Throughout the years, the restoration and conservation coop, ReCoop, has worked on many decorative frames of all shapes and sizes, spanning the centuries. However, two did stand out in particular, mainly due to their similar techniques of execution and style.
One decorative frame was done by none other than Emvin Cremona and accompanies a painting by the artist that depicts the Sacred Heart of Jesus, commissioned by Farsons’ Brewery.
As an artist and designer, Cremona is considered to be a pillar of Maltese 20th-century art. His artistic formation started in Malta and proceeded at the Regia Accademia di Belle Arti in Rome. During his stay in Italy, he was accompanied by other very important up-and-coming Maltese artists, Willie Apap, Anton Inglott and Esprit Barthet among others.
Around the year 1956, Simonds Farsons Cisk commissioned a painting from Cremona to uphold the values of work and prayer among the workers at the brewery. This ideal can be seen cast in the scripture that crowns the entire work of art, Venite Ad Me Qui Laboratis, which translates to ‘Come unto me those who labour’.
Christ is set against the newly built brewery, which was completed around 1950, accompanied by the hardworking brewers, who occupy the space in the frame. The palette Cremona used for the decorative frame is very particular. The workers and the brewery seamlessly float in their own space; yet they are connected in a chain-like manner and are monochromatically coloured in a globigerina limestone hue – an almost symbolic homage to the worker, the essential keystone.
The second example is another very decorative and ornate frame, which encloses a rural scene of a girl feeding a cluster of chicks, almost resembling an allegory of spring. The village girl is set against an idyllic setting of thick foliage and trees with intense hues of green, while she calmly crushes a handful of seeds to feed the impatient chicks. The framing is endowed with a festoon of colourful roses, which add a pop of colour to the mellow tones of the idyllic scene.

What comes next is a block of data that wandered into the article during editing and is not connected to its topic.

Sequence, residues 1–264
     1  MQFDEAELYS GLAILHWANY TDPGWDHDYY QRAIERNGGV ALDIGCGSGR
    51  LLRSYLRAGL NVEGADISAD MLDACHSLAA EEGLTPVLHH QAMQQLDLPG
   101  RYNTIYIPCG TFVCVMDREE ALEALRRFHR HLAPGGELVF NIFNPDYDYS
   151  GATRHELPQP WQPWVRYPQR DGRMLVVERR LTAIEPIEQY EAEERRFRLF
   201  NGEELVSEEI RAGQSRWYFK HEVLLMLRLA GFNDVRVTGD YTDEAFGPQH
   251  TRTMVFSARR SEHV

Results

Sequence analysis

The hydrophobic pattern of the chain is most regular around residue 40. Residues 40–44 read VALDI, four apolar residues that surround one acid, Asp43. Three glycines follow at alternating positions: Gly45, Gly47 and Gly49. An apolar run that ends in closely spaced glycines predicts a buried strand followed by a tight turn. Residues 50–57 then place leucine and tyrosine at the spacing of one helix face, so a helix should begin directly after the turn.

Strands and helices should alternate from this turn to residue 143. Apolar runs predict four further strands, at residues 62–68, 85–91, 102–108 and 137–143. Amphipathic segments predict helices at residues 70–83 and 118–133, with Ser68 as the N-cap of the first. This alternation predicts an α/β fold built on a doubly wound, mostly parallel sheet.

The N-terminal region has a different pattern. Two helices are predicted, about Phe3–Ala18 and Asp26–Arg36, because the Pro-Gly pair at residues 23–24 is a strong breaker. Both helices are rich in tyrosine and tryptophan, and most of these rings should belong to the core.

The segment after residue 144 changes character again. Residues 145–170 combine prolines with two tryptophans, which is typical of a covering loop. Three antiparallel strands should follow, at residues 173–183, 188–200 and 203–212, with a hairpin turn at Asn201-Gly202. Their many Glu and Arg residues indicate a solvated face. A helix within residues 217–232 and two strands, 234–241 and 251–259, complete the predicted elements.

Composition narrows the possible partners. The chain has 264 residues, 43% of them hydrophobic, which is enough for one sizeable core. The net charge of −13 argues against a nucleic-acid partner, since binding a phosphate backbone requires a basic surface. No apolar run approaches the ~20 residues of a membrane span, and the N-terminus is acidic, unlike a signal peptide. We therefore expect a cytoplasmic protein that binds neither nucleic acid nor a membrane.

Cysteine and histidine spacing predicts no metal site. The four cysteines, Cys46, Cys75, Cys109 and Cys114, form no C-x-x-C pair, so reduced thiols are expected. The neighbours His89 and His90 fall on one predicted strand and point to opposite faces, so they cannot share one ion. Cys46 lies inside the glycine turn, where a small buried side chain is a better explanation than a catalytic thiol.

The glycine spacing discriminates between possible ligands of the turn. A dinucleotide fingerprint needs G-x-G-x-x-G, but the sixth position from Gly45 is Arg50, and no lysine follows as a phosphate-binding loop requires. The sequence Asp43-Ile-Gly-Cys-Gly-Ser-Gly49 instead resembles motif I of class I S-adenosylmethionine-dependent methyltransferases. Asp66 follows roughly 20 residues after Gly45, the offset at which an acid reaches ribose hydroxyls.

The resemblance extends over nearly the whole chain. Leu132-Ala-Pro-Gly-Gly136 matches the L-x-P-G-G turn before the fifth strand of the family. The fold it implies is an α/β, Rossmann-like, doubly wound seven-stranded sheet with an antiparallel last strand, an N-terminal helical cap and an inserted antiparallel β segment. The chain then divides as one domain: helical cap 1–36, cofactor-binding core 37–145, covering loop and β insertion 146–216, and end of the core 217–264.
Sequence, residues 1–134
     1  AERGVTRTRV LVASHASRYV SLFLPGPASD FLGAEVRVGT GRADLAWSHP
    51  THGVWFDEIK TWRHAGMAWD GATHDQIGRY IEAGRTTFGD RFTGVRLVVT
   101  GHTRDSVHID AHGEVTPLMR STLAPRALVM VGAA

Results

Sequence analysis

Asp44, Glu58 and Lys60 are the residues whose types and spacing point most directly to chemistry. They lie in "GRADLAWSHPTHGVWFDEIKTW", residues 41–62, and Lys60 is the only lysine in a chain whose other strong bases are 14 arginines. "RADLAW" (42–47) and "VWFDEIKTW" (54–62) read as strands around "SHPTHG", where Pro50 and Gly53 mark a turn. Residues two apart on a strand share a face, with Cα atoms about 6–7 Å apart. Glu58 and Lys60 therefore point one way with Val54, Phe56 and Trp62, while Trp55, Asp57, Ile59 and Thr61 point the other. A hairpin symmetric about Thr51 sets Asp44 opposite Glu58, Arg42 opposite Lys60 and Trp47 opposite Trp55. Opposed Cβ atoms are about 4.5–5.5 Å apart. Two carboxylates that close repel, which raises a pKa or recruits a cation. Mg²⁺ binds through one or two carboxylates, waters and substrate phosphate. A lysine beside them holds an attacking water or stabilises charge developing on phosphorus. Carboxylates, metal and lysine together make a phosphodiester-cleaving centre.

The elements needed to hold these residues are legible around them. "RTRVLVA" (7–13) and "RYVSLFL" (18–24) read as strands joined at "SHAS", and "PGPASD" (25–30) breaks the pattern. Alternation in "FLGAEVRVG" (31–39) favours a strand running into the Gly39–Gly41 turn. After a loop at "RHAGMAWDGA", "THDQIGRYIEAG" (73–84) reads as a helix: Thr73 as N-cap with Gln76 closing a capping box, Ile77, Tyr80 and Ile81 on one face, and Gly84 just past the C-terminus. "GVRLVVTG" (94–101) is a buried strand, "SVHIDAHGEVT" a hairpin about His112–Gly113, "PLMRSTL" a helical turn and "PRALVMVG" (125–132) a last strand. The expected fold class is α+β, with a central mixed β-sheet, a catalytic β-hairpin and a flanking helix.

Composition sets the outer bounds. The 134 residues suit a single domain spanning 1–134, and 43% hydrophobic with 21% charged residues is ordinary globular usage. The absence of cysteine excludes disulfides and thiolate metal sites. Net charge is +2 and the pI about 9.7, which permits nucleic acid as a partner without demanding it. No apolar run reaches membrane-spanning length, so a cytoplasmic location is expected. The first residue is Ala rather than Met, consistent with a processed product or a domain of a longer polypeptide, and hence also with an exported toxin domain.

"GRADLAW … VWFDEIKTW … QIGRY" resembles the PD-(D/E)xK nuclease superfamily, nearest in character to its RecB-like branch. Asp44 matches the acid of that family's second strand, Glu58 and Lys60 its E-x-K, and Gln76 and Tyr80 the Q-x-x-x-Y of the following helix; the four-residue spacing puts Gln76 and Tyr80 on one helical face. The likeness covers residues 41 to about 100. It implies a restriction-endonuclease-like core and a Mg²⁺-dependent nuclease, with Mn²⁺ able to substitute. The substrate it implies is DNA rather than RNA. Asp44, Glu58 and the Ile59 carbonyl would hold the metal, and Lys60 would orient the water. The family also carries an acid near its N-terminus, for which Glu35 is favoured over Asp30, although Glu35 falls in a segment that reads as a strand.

Before the conservation and restoration process, it was noted that both frames were in a relatively good condition. Following the initial process of multispectral photographic documentation, which was also carried out throughout the whole process of conservation and restoration, the frames were cleaned. Together with their respective paintings, they had a layer of grime and old varnish that required a mild solvent blend for their removal.
After the cleaning process, the frames were given back the much-deserved glory they once owned. The sporadic losses were filled out with gesso and retouched with reversible colours. The final result saw the decorative frames in their unique lustre, which “wonderfully” accompanied the centre piece of the work of art, ReCoop’s restorers said.
Both the decorative frames were a “delightful opportunity” to study this unique practice in art, according to them. Both artists, despite one of them being unknown, proved themselves to be true virtuosi – where not even the canvas was enough for them to fully express their creativity and bravura.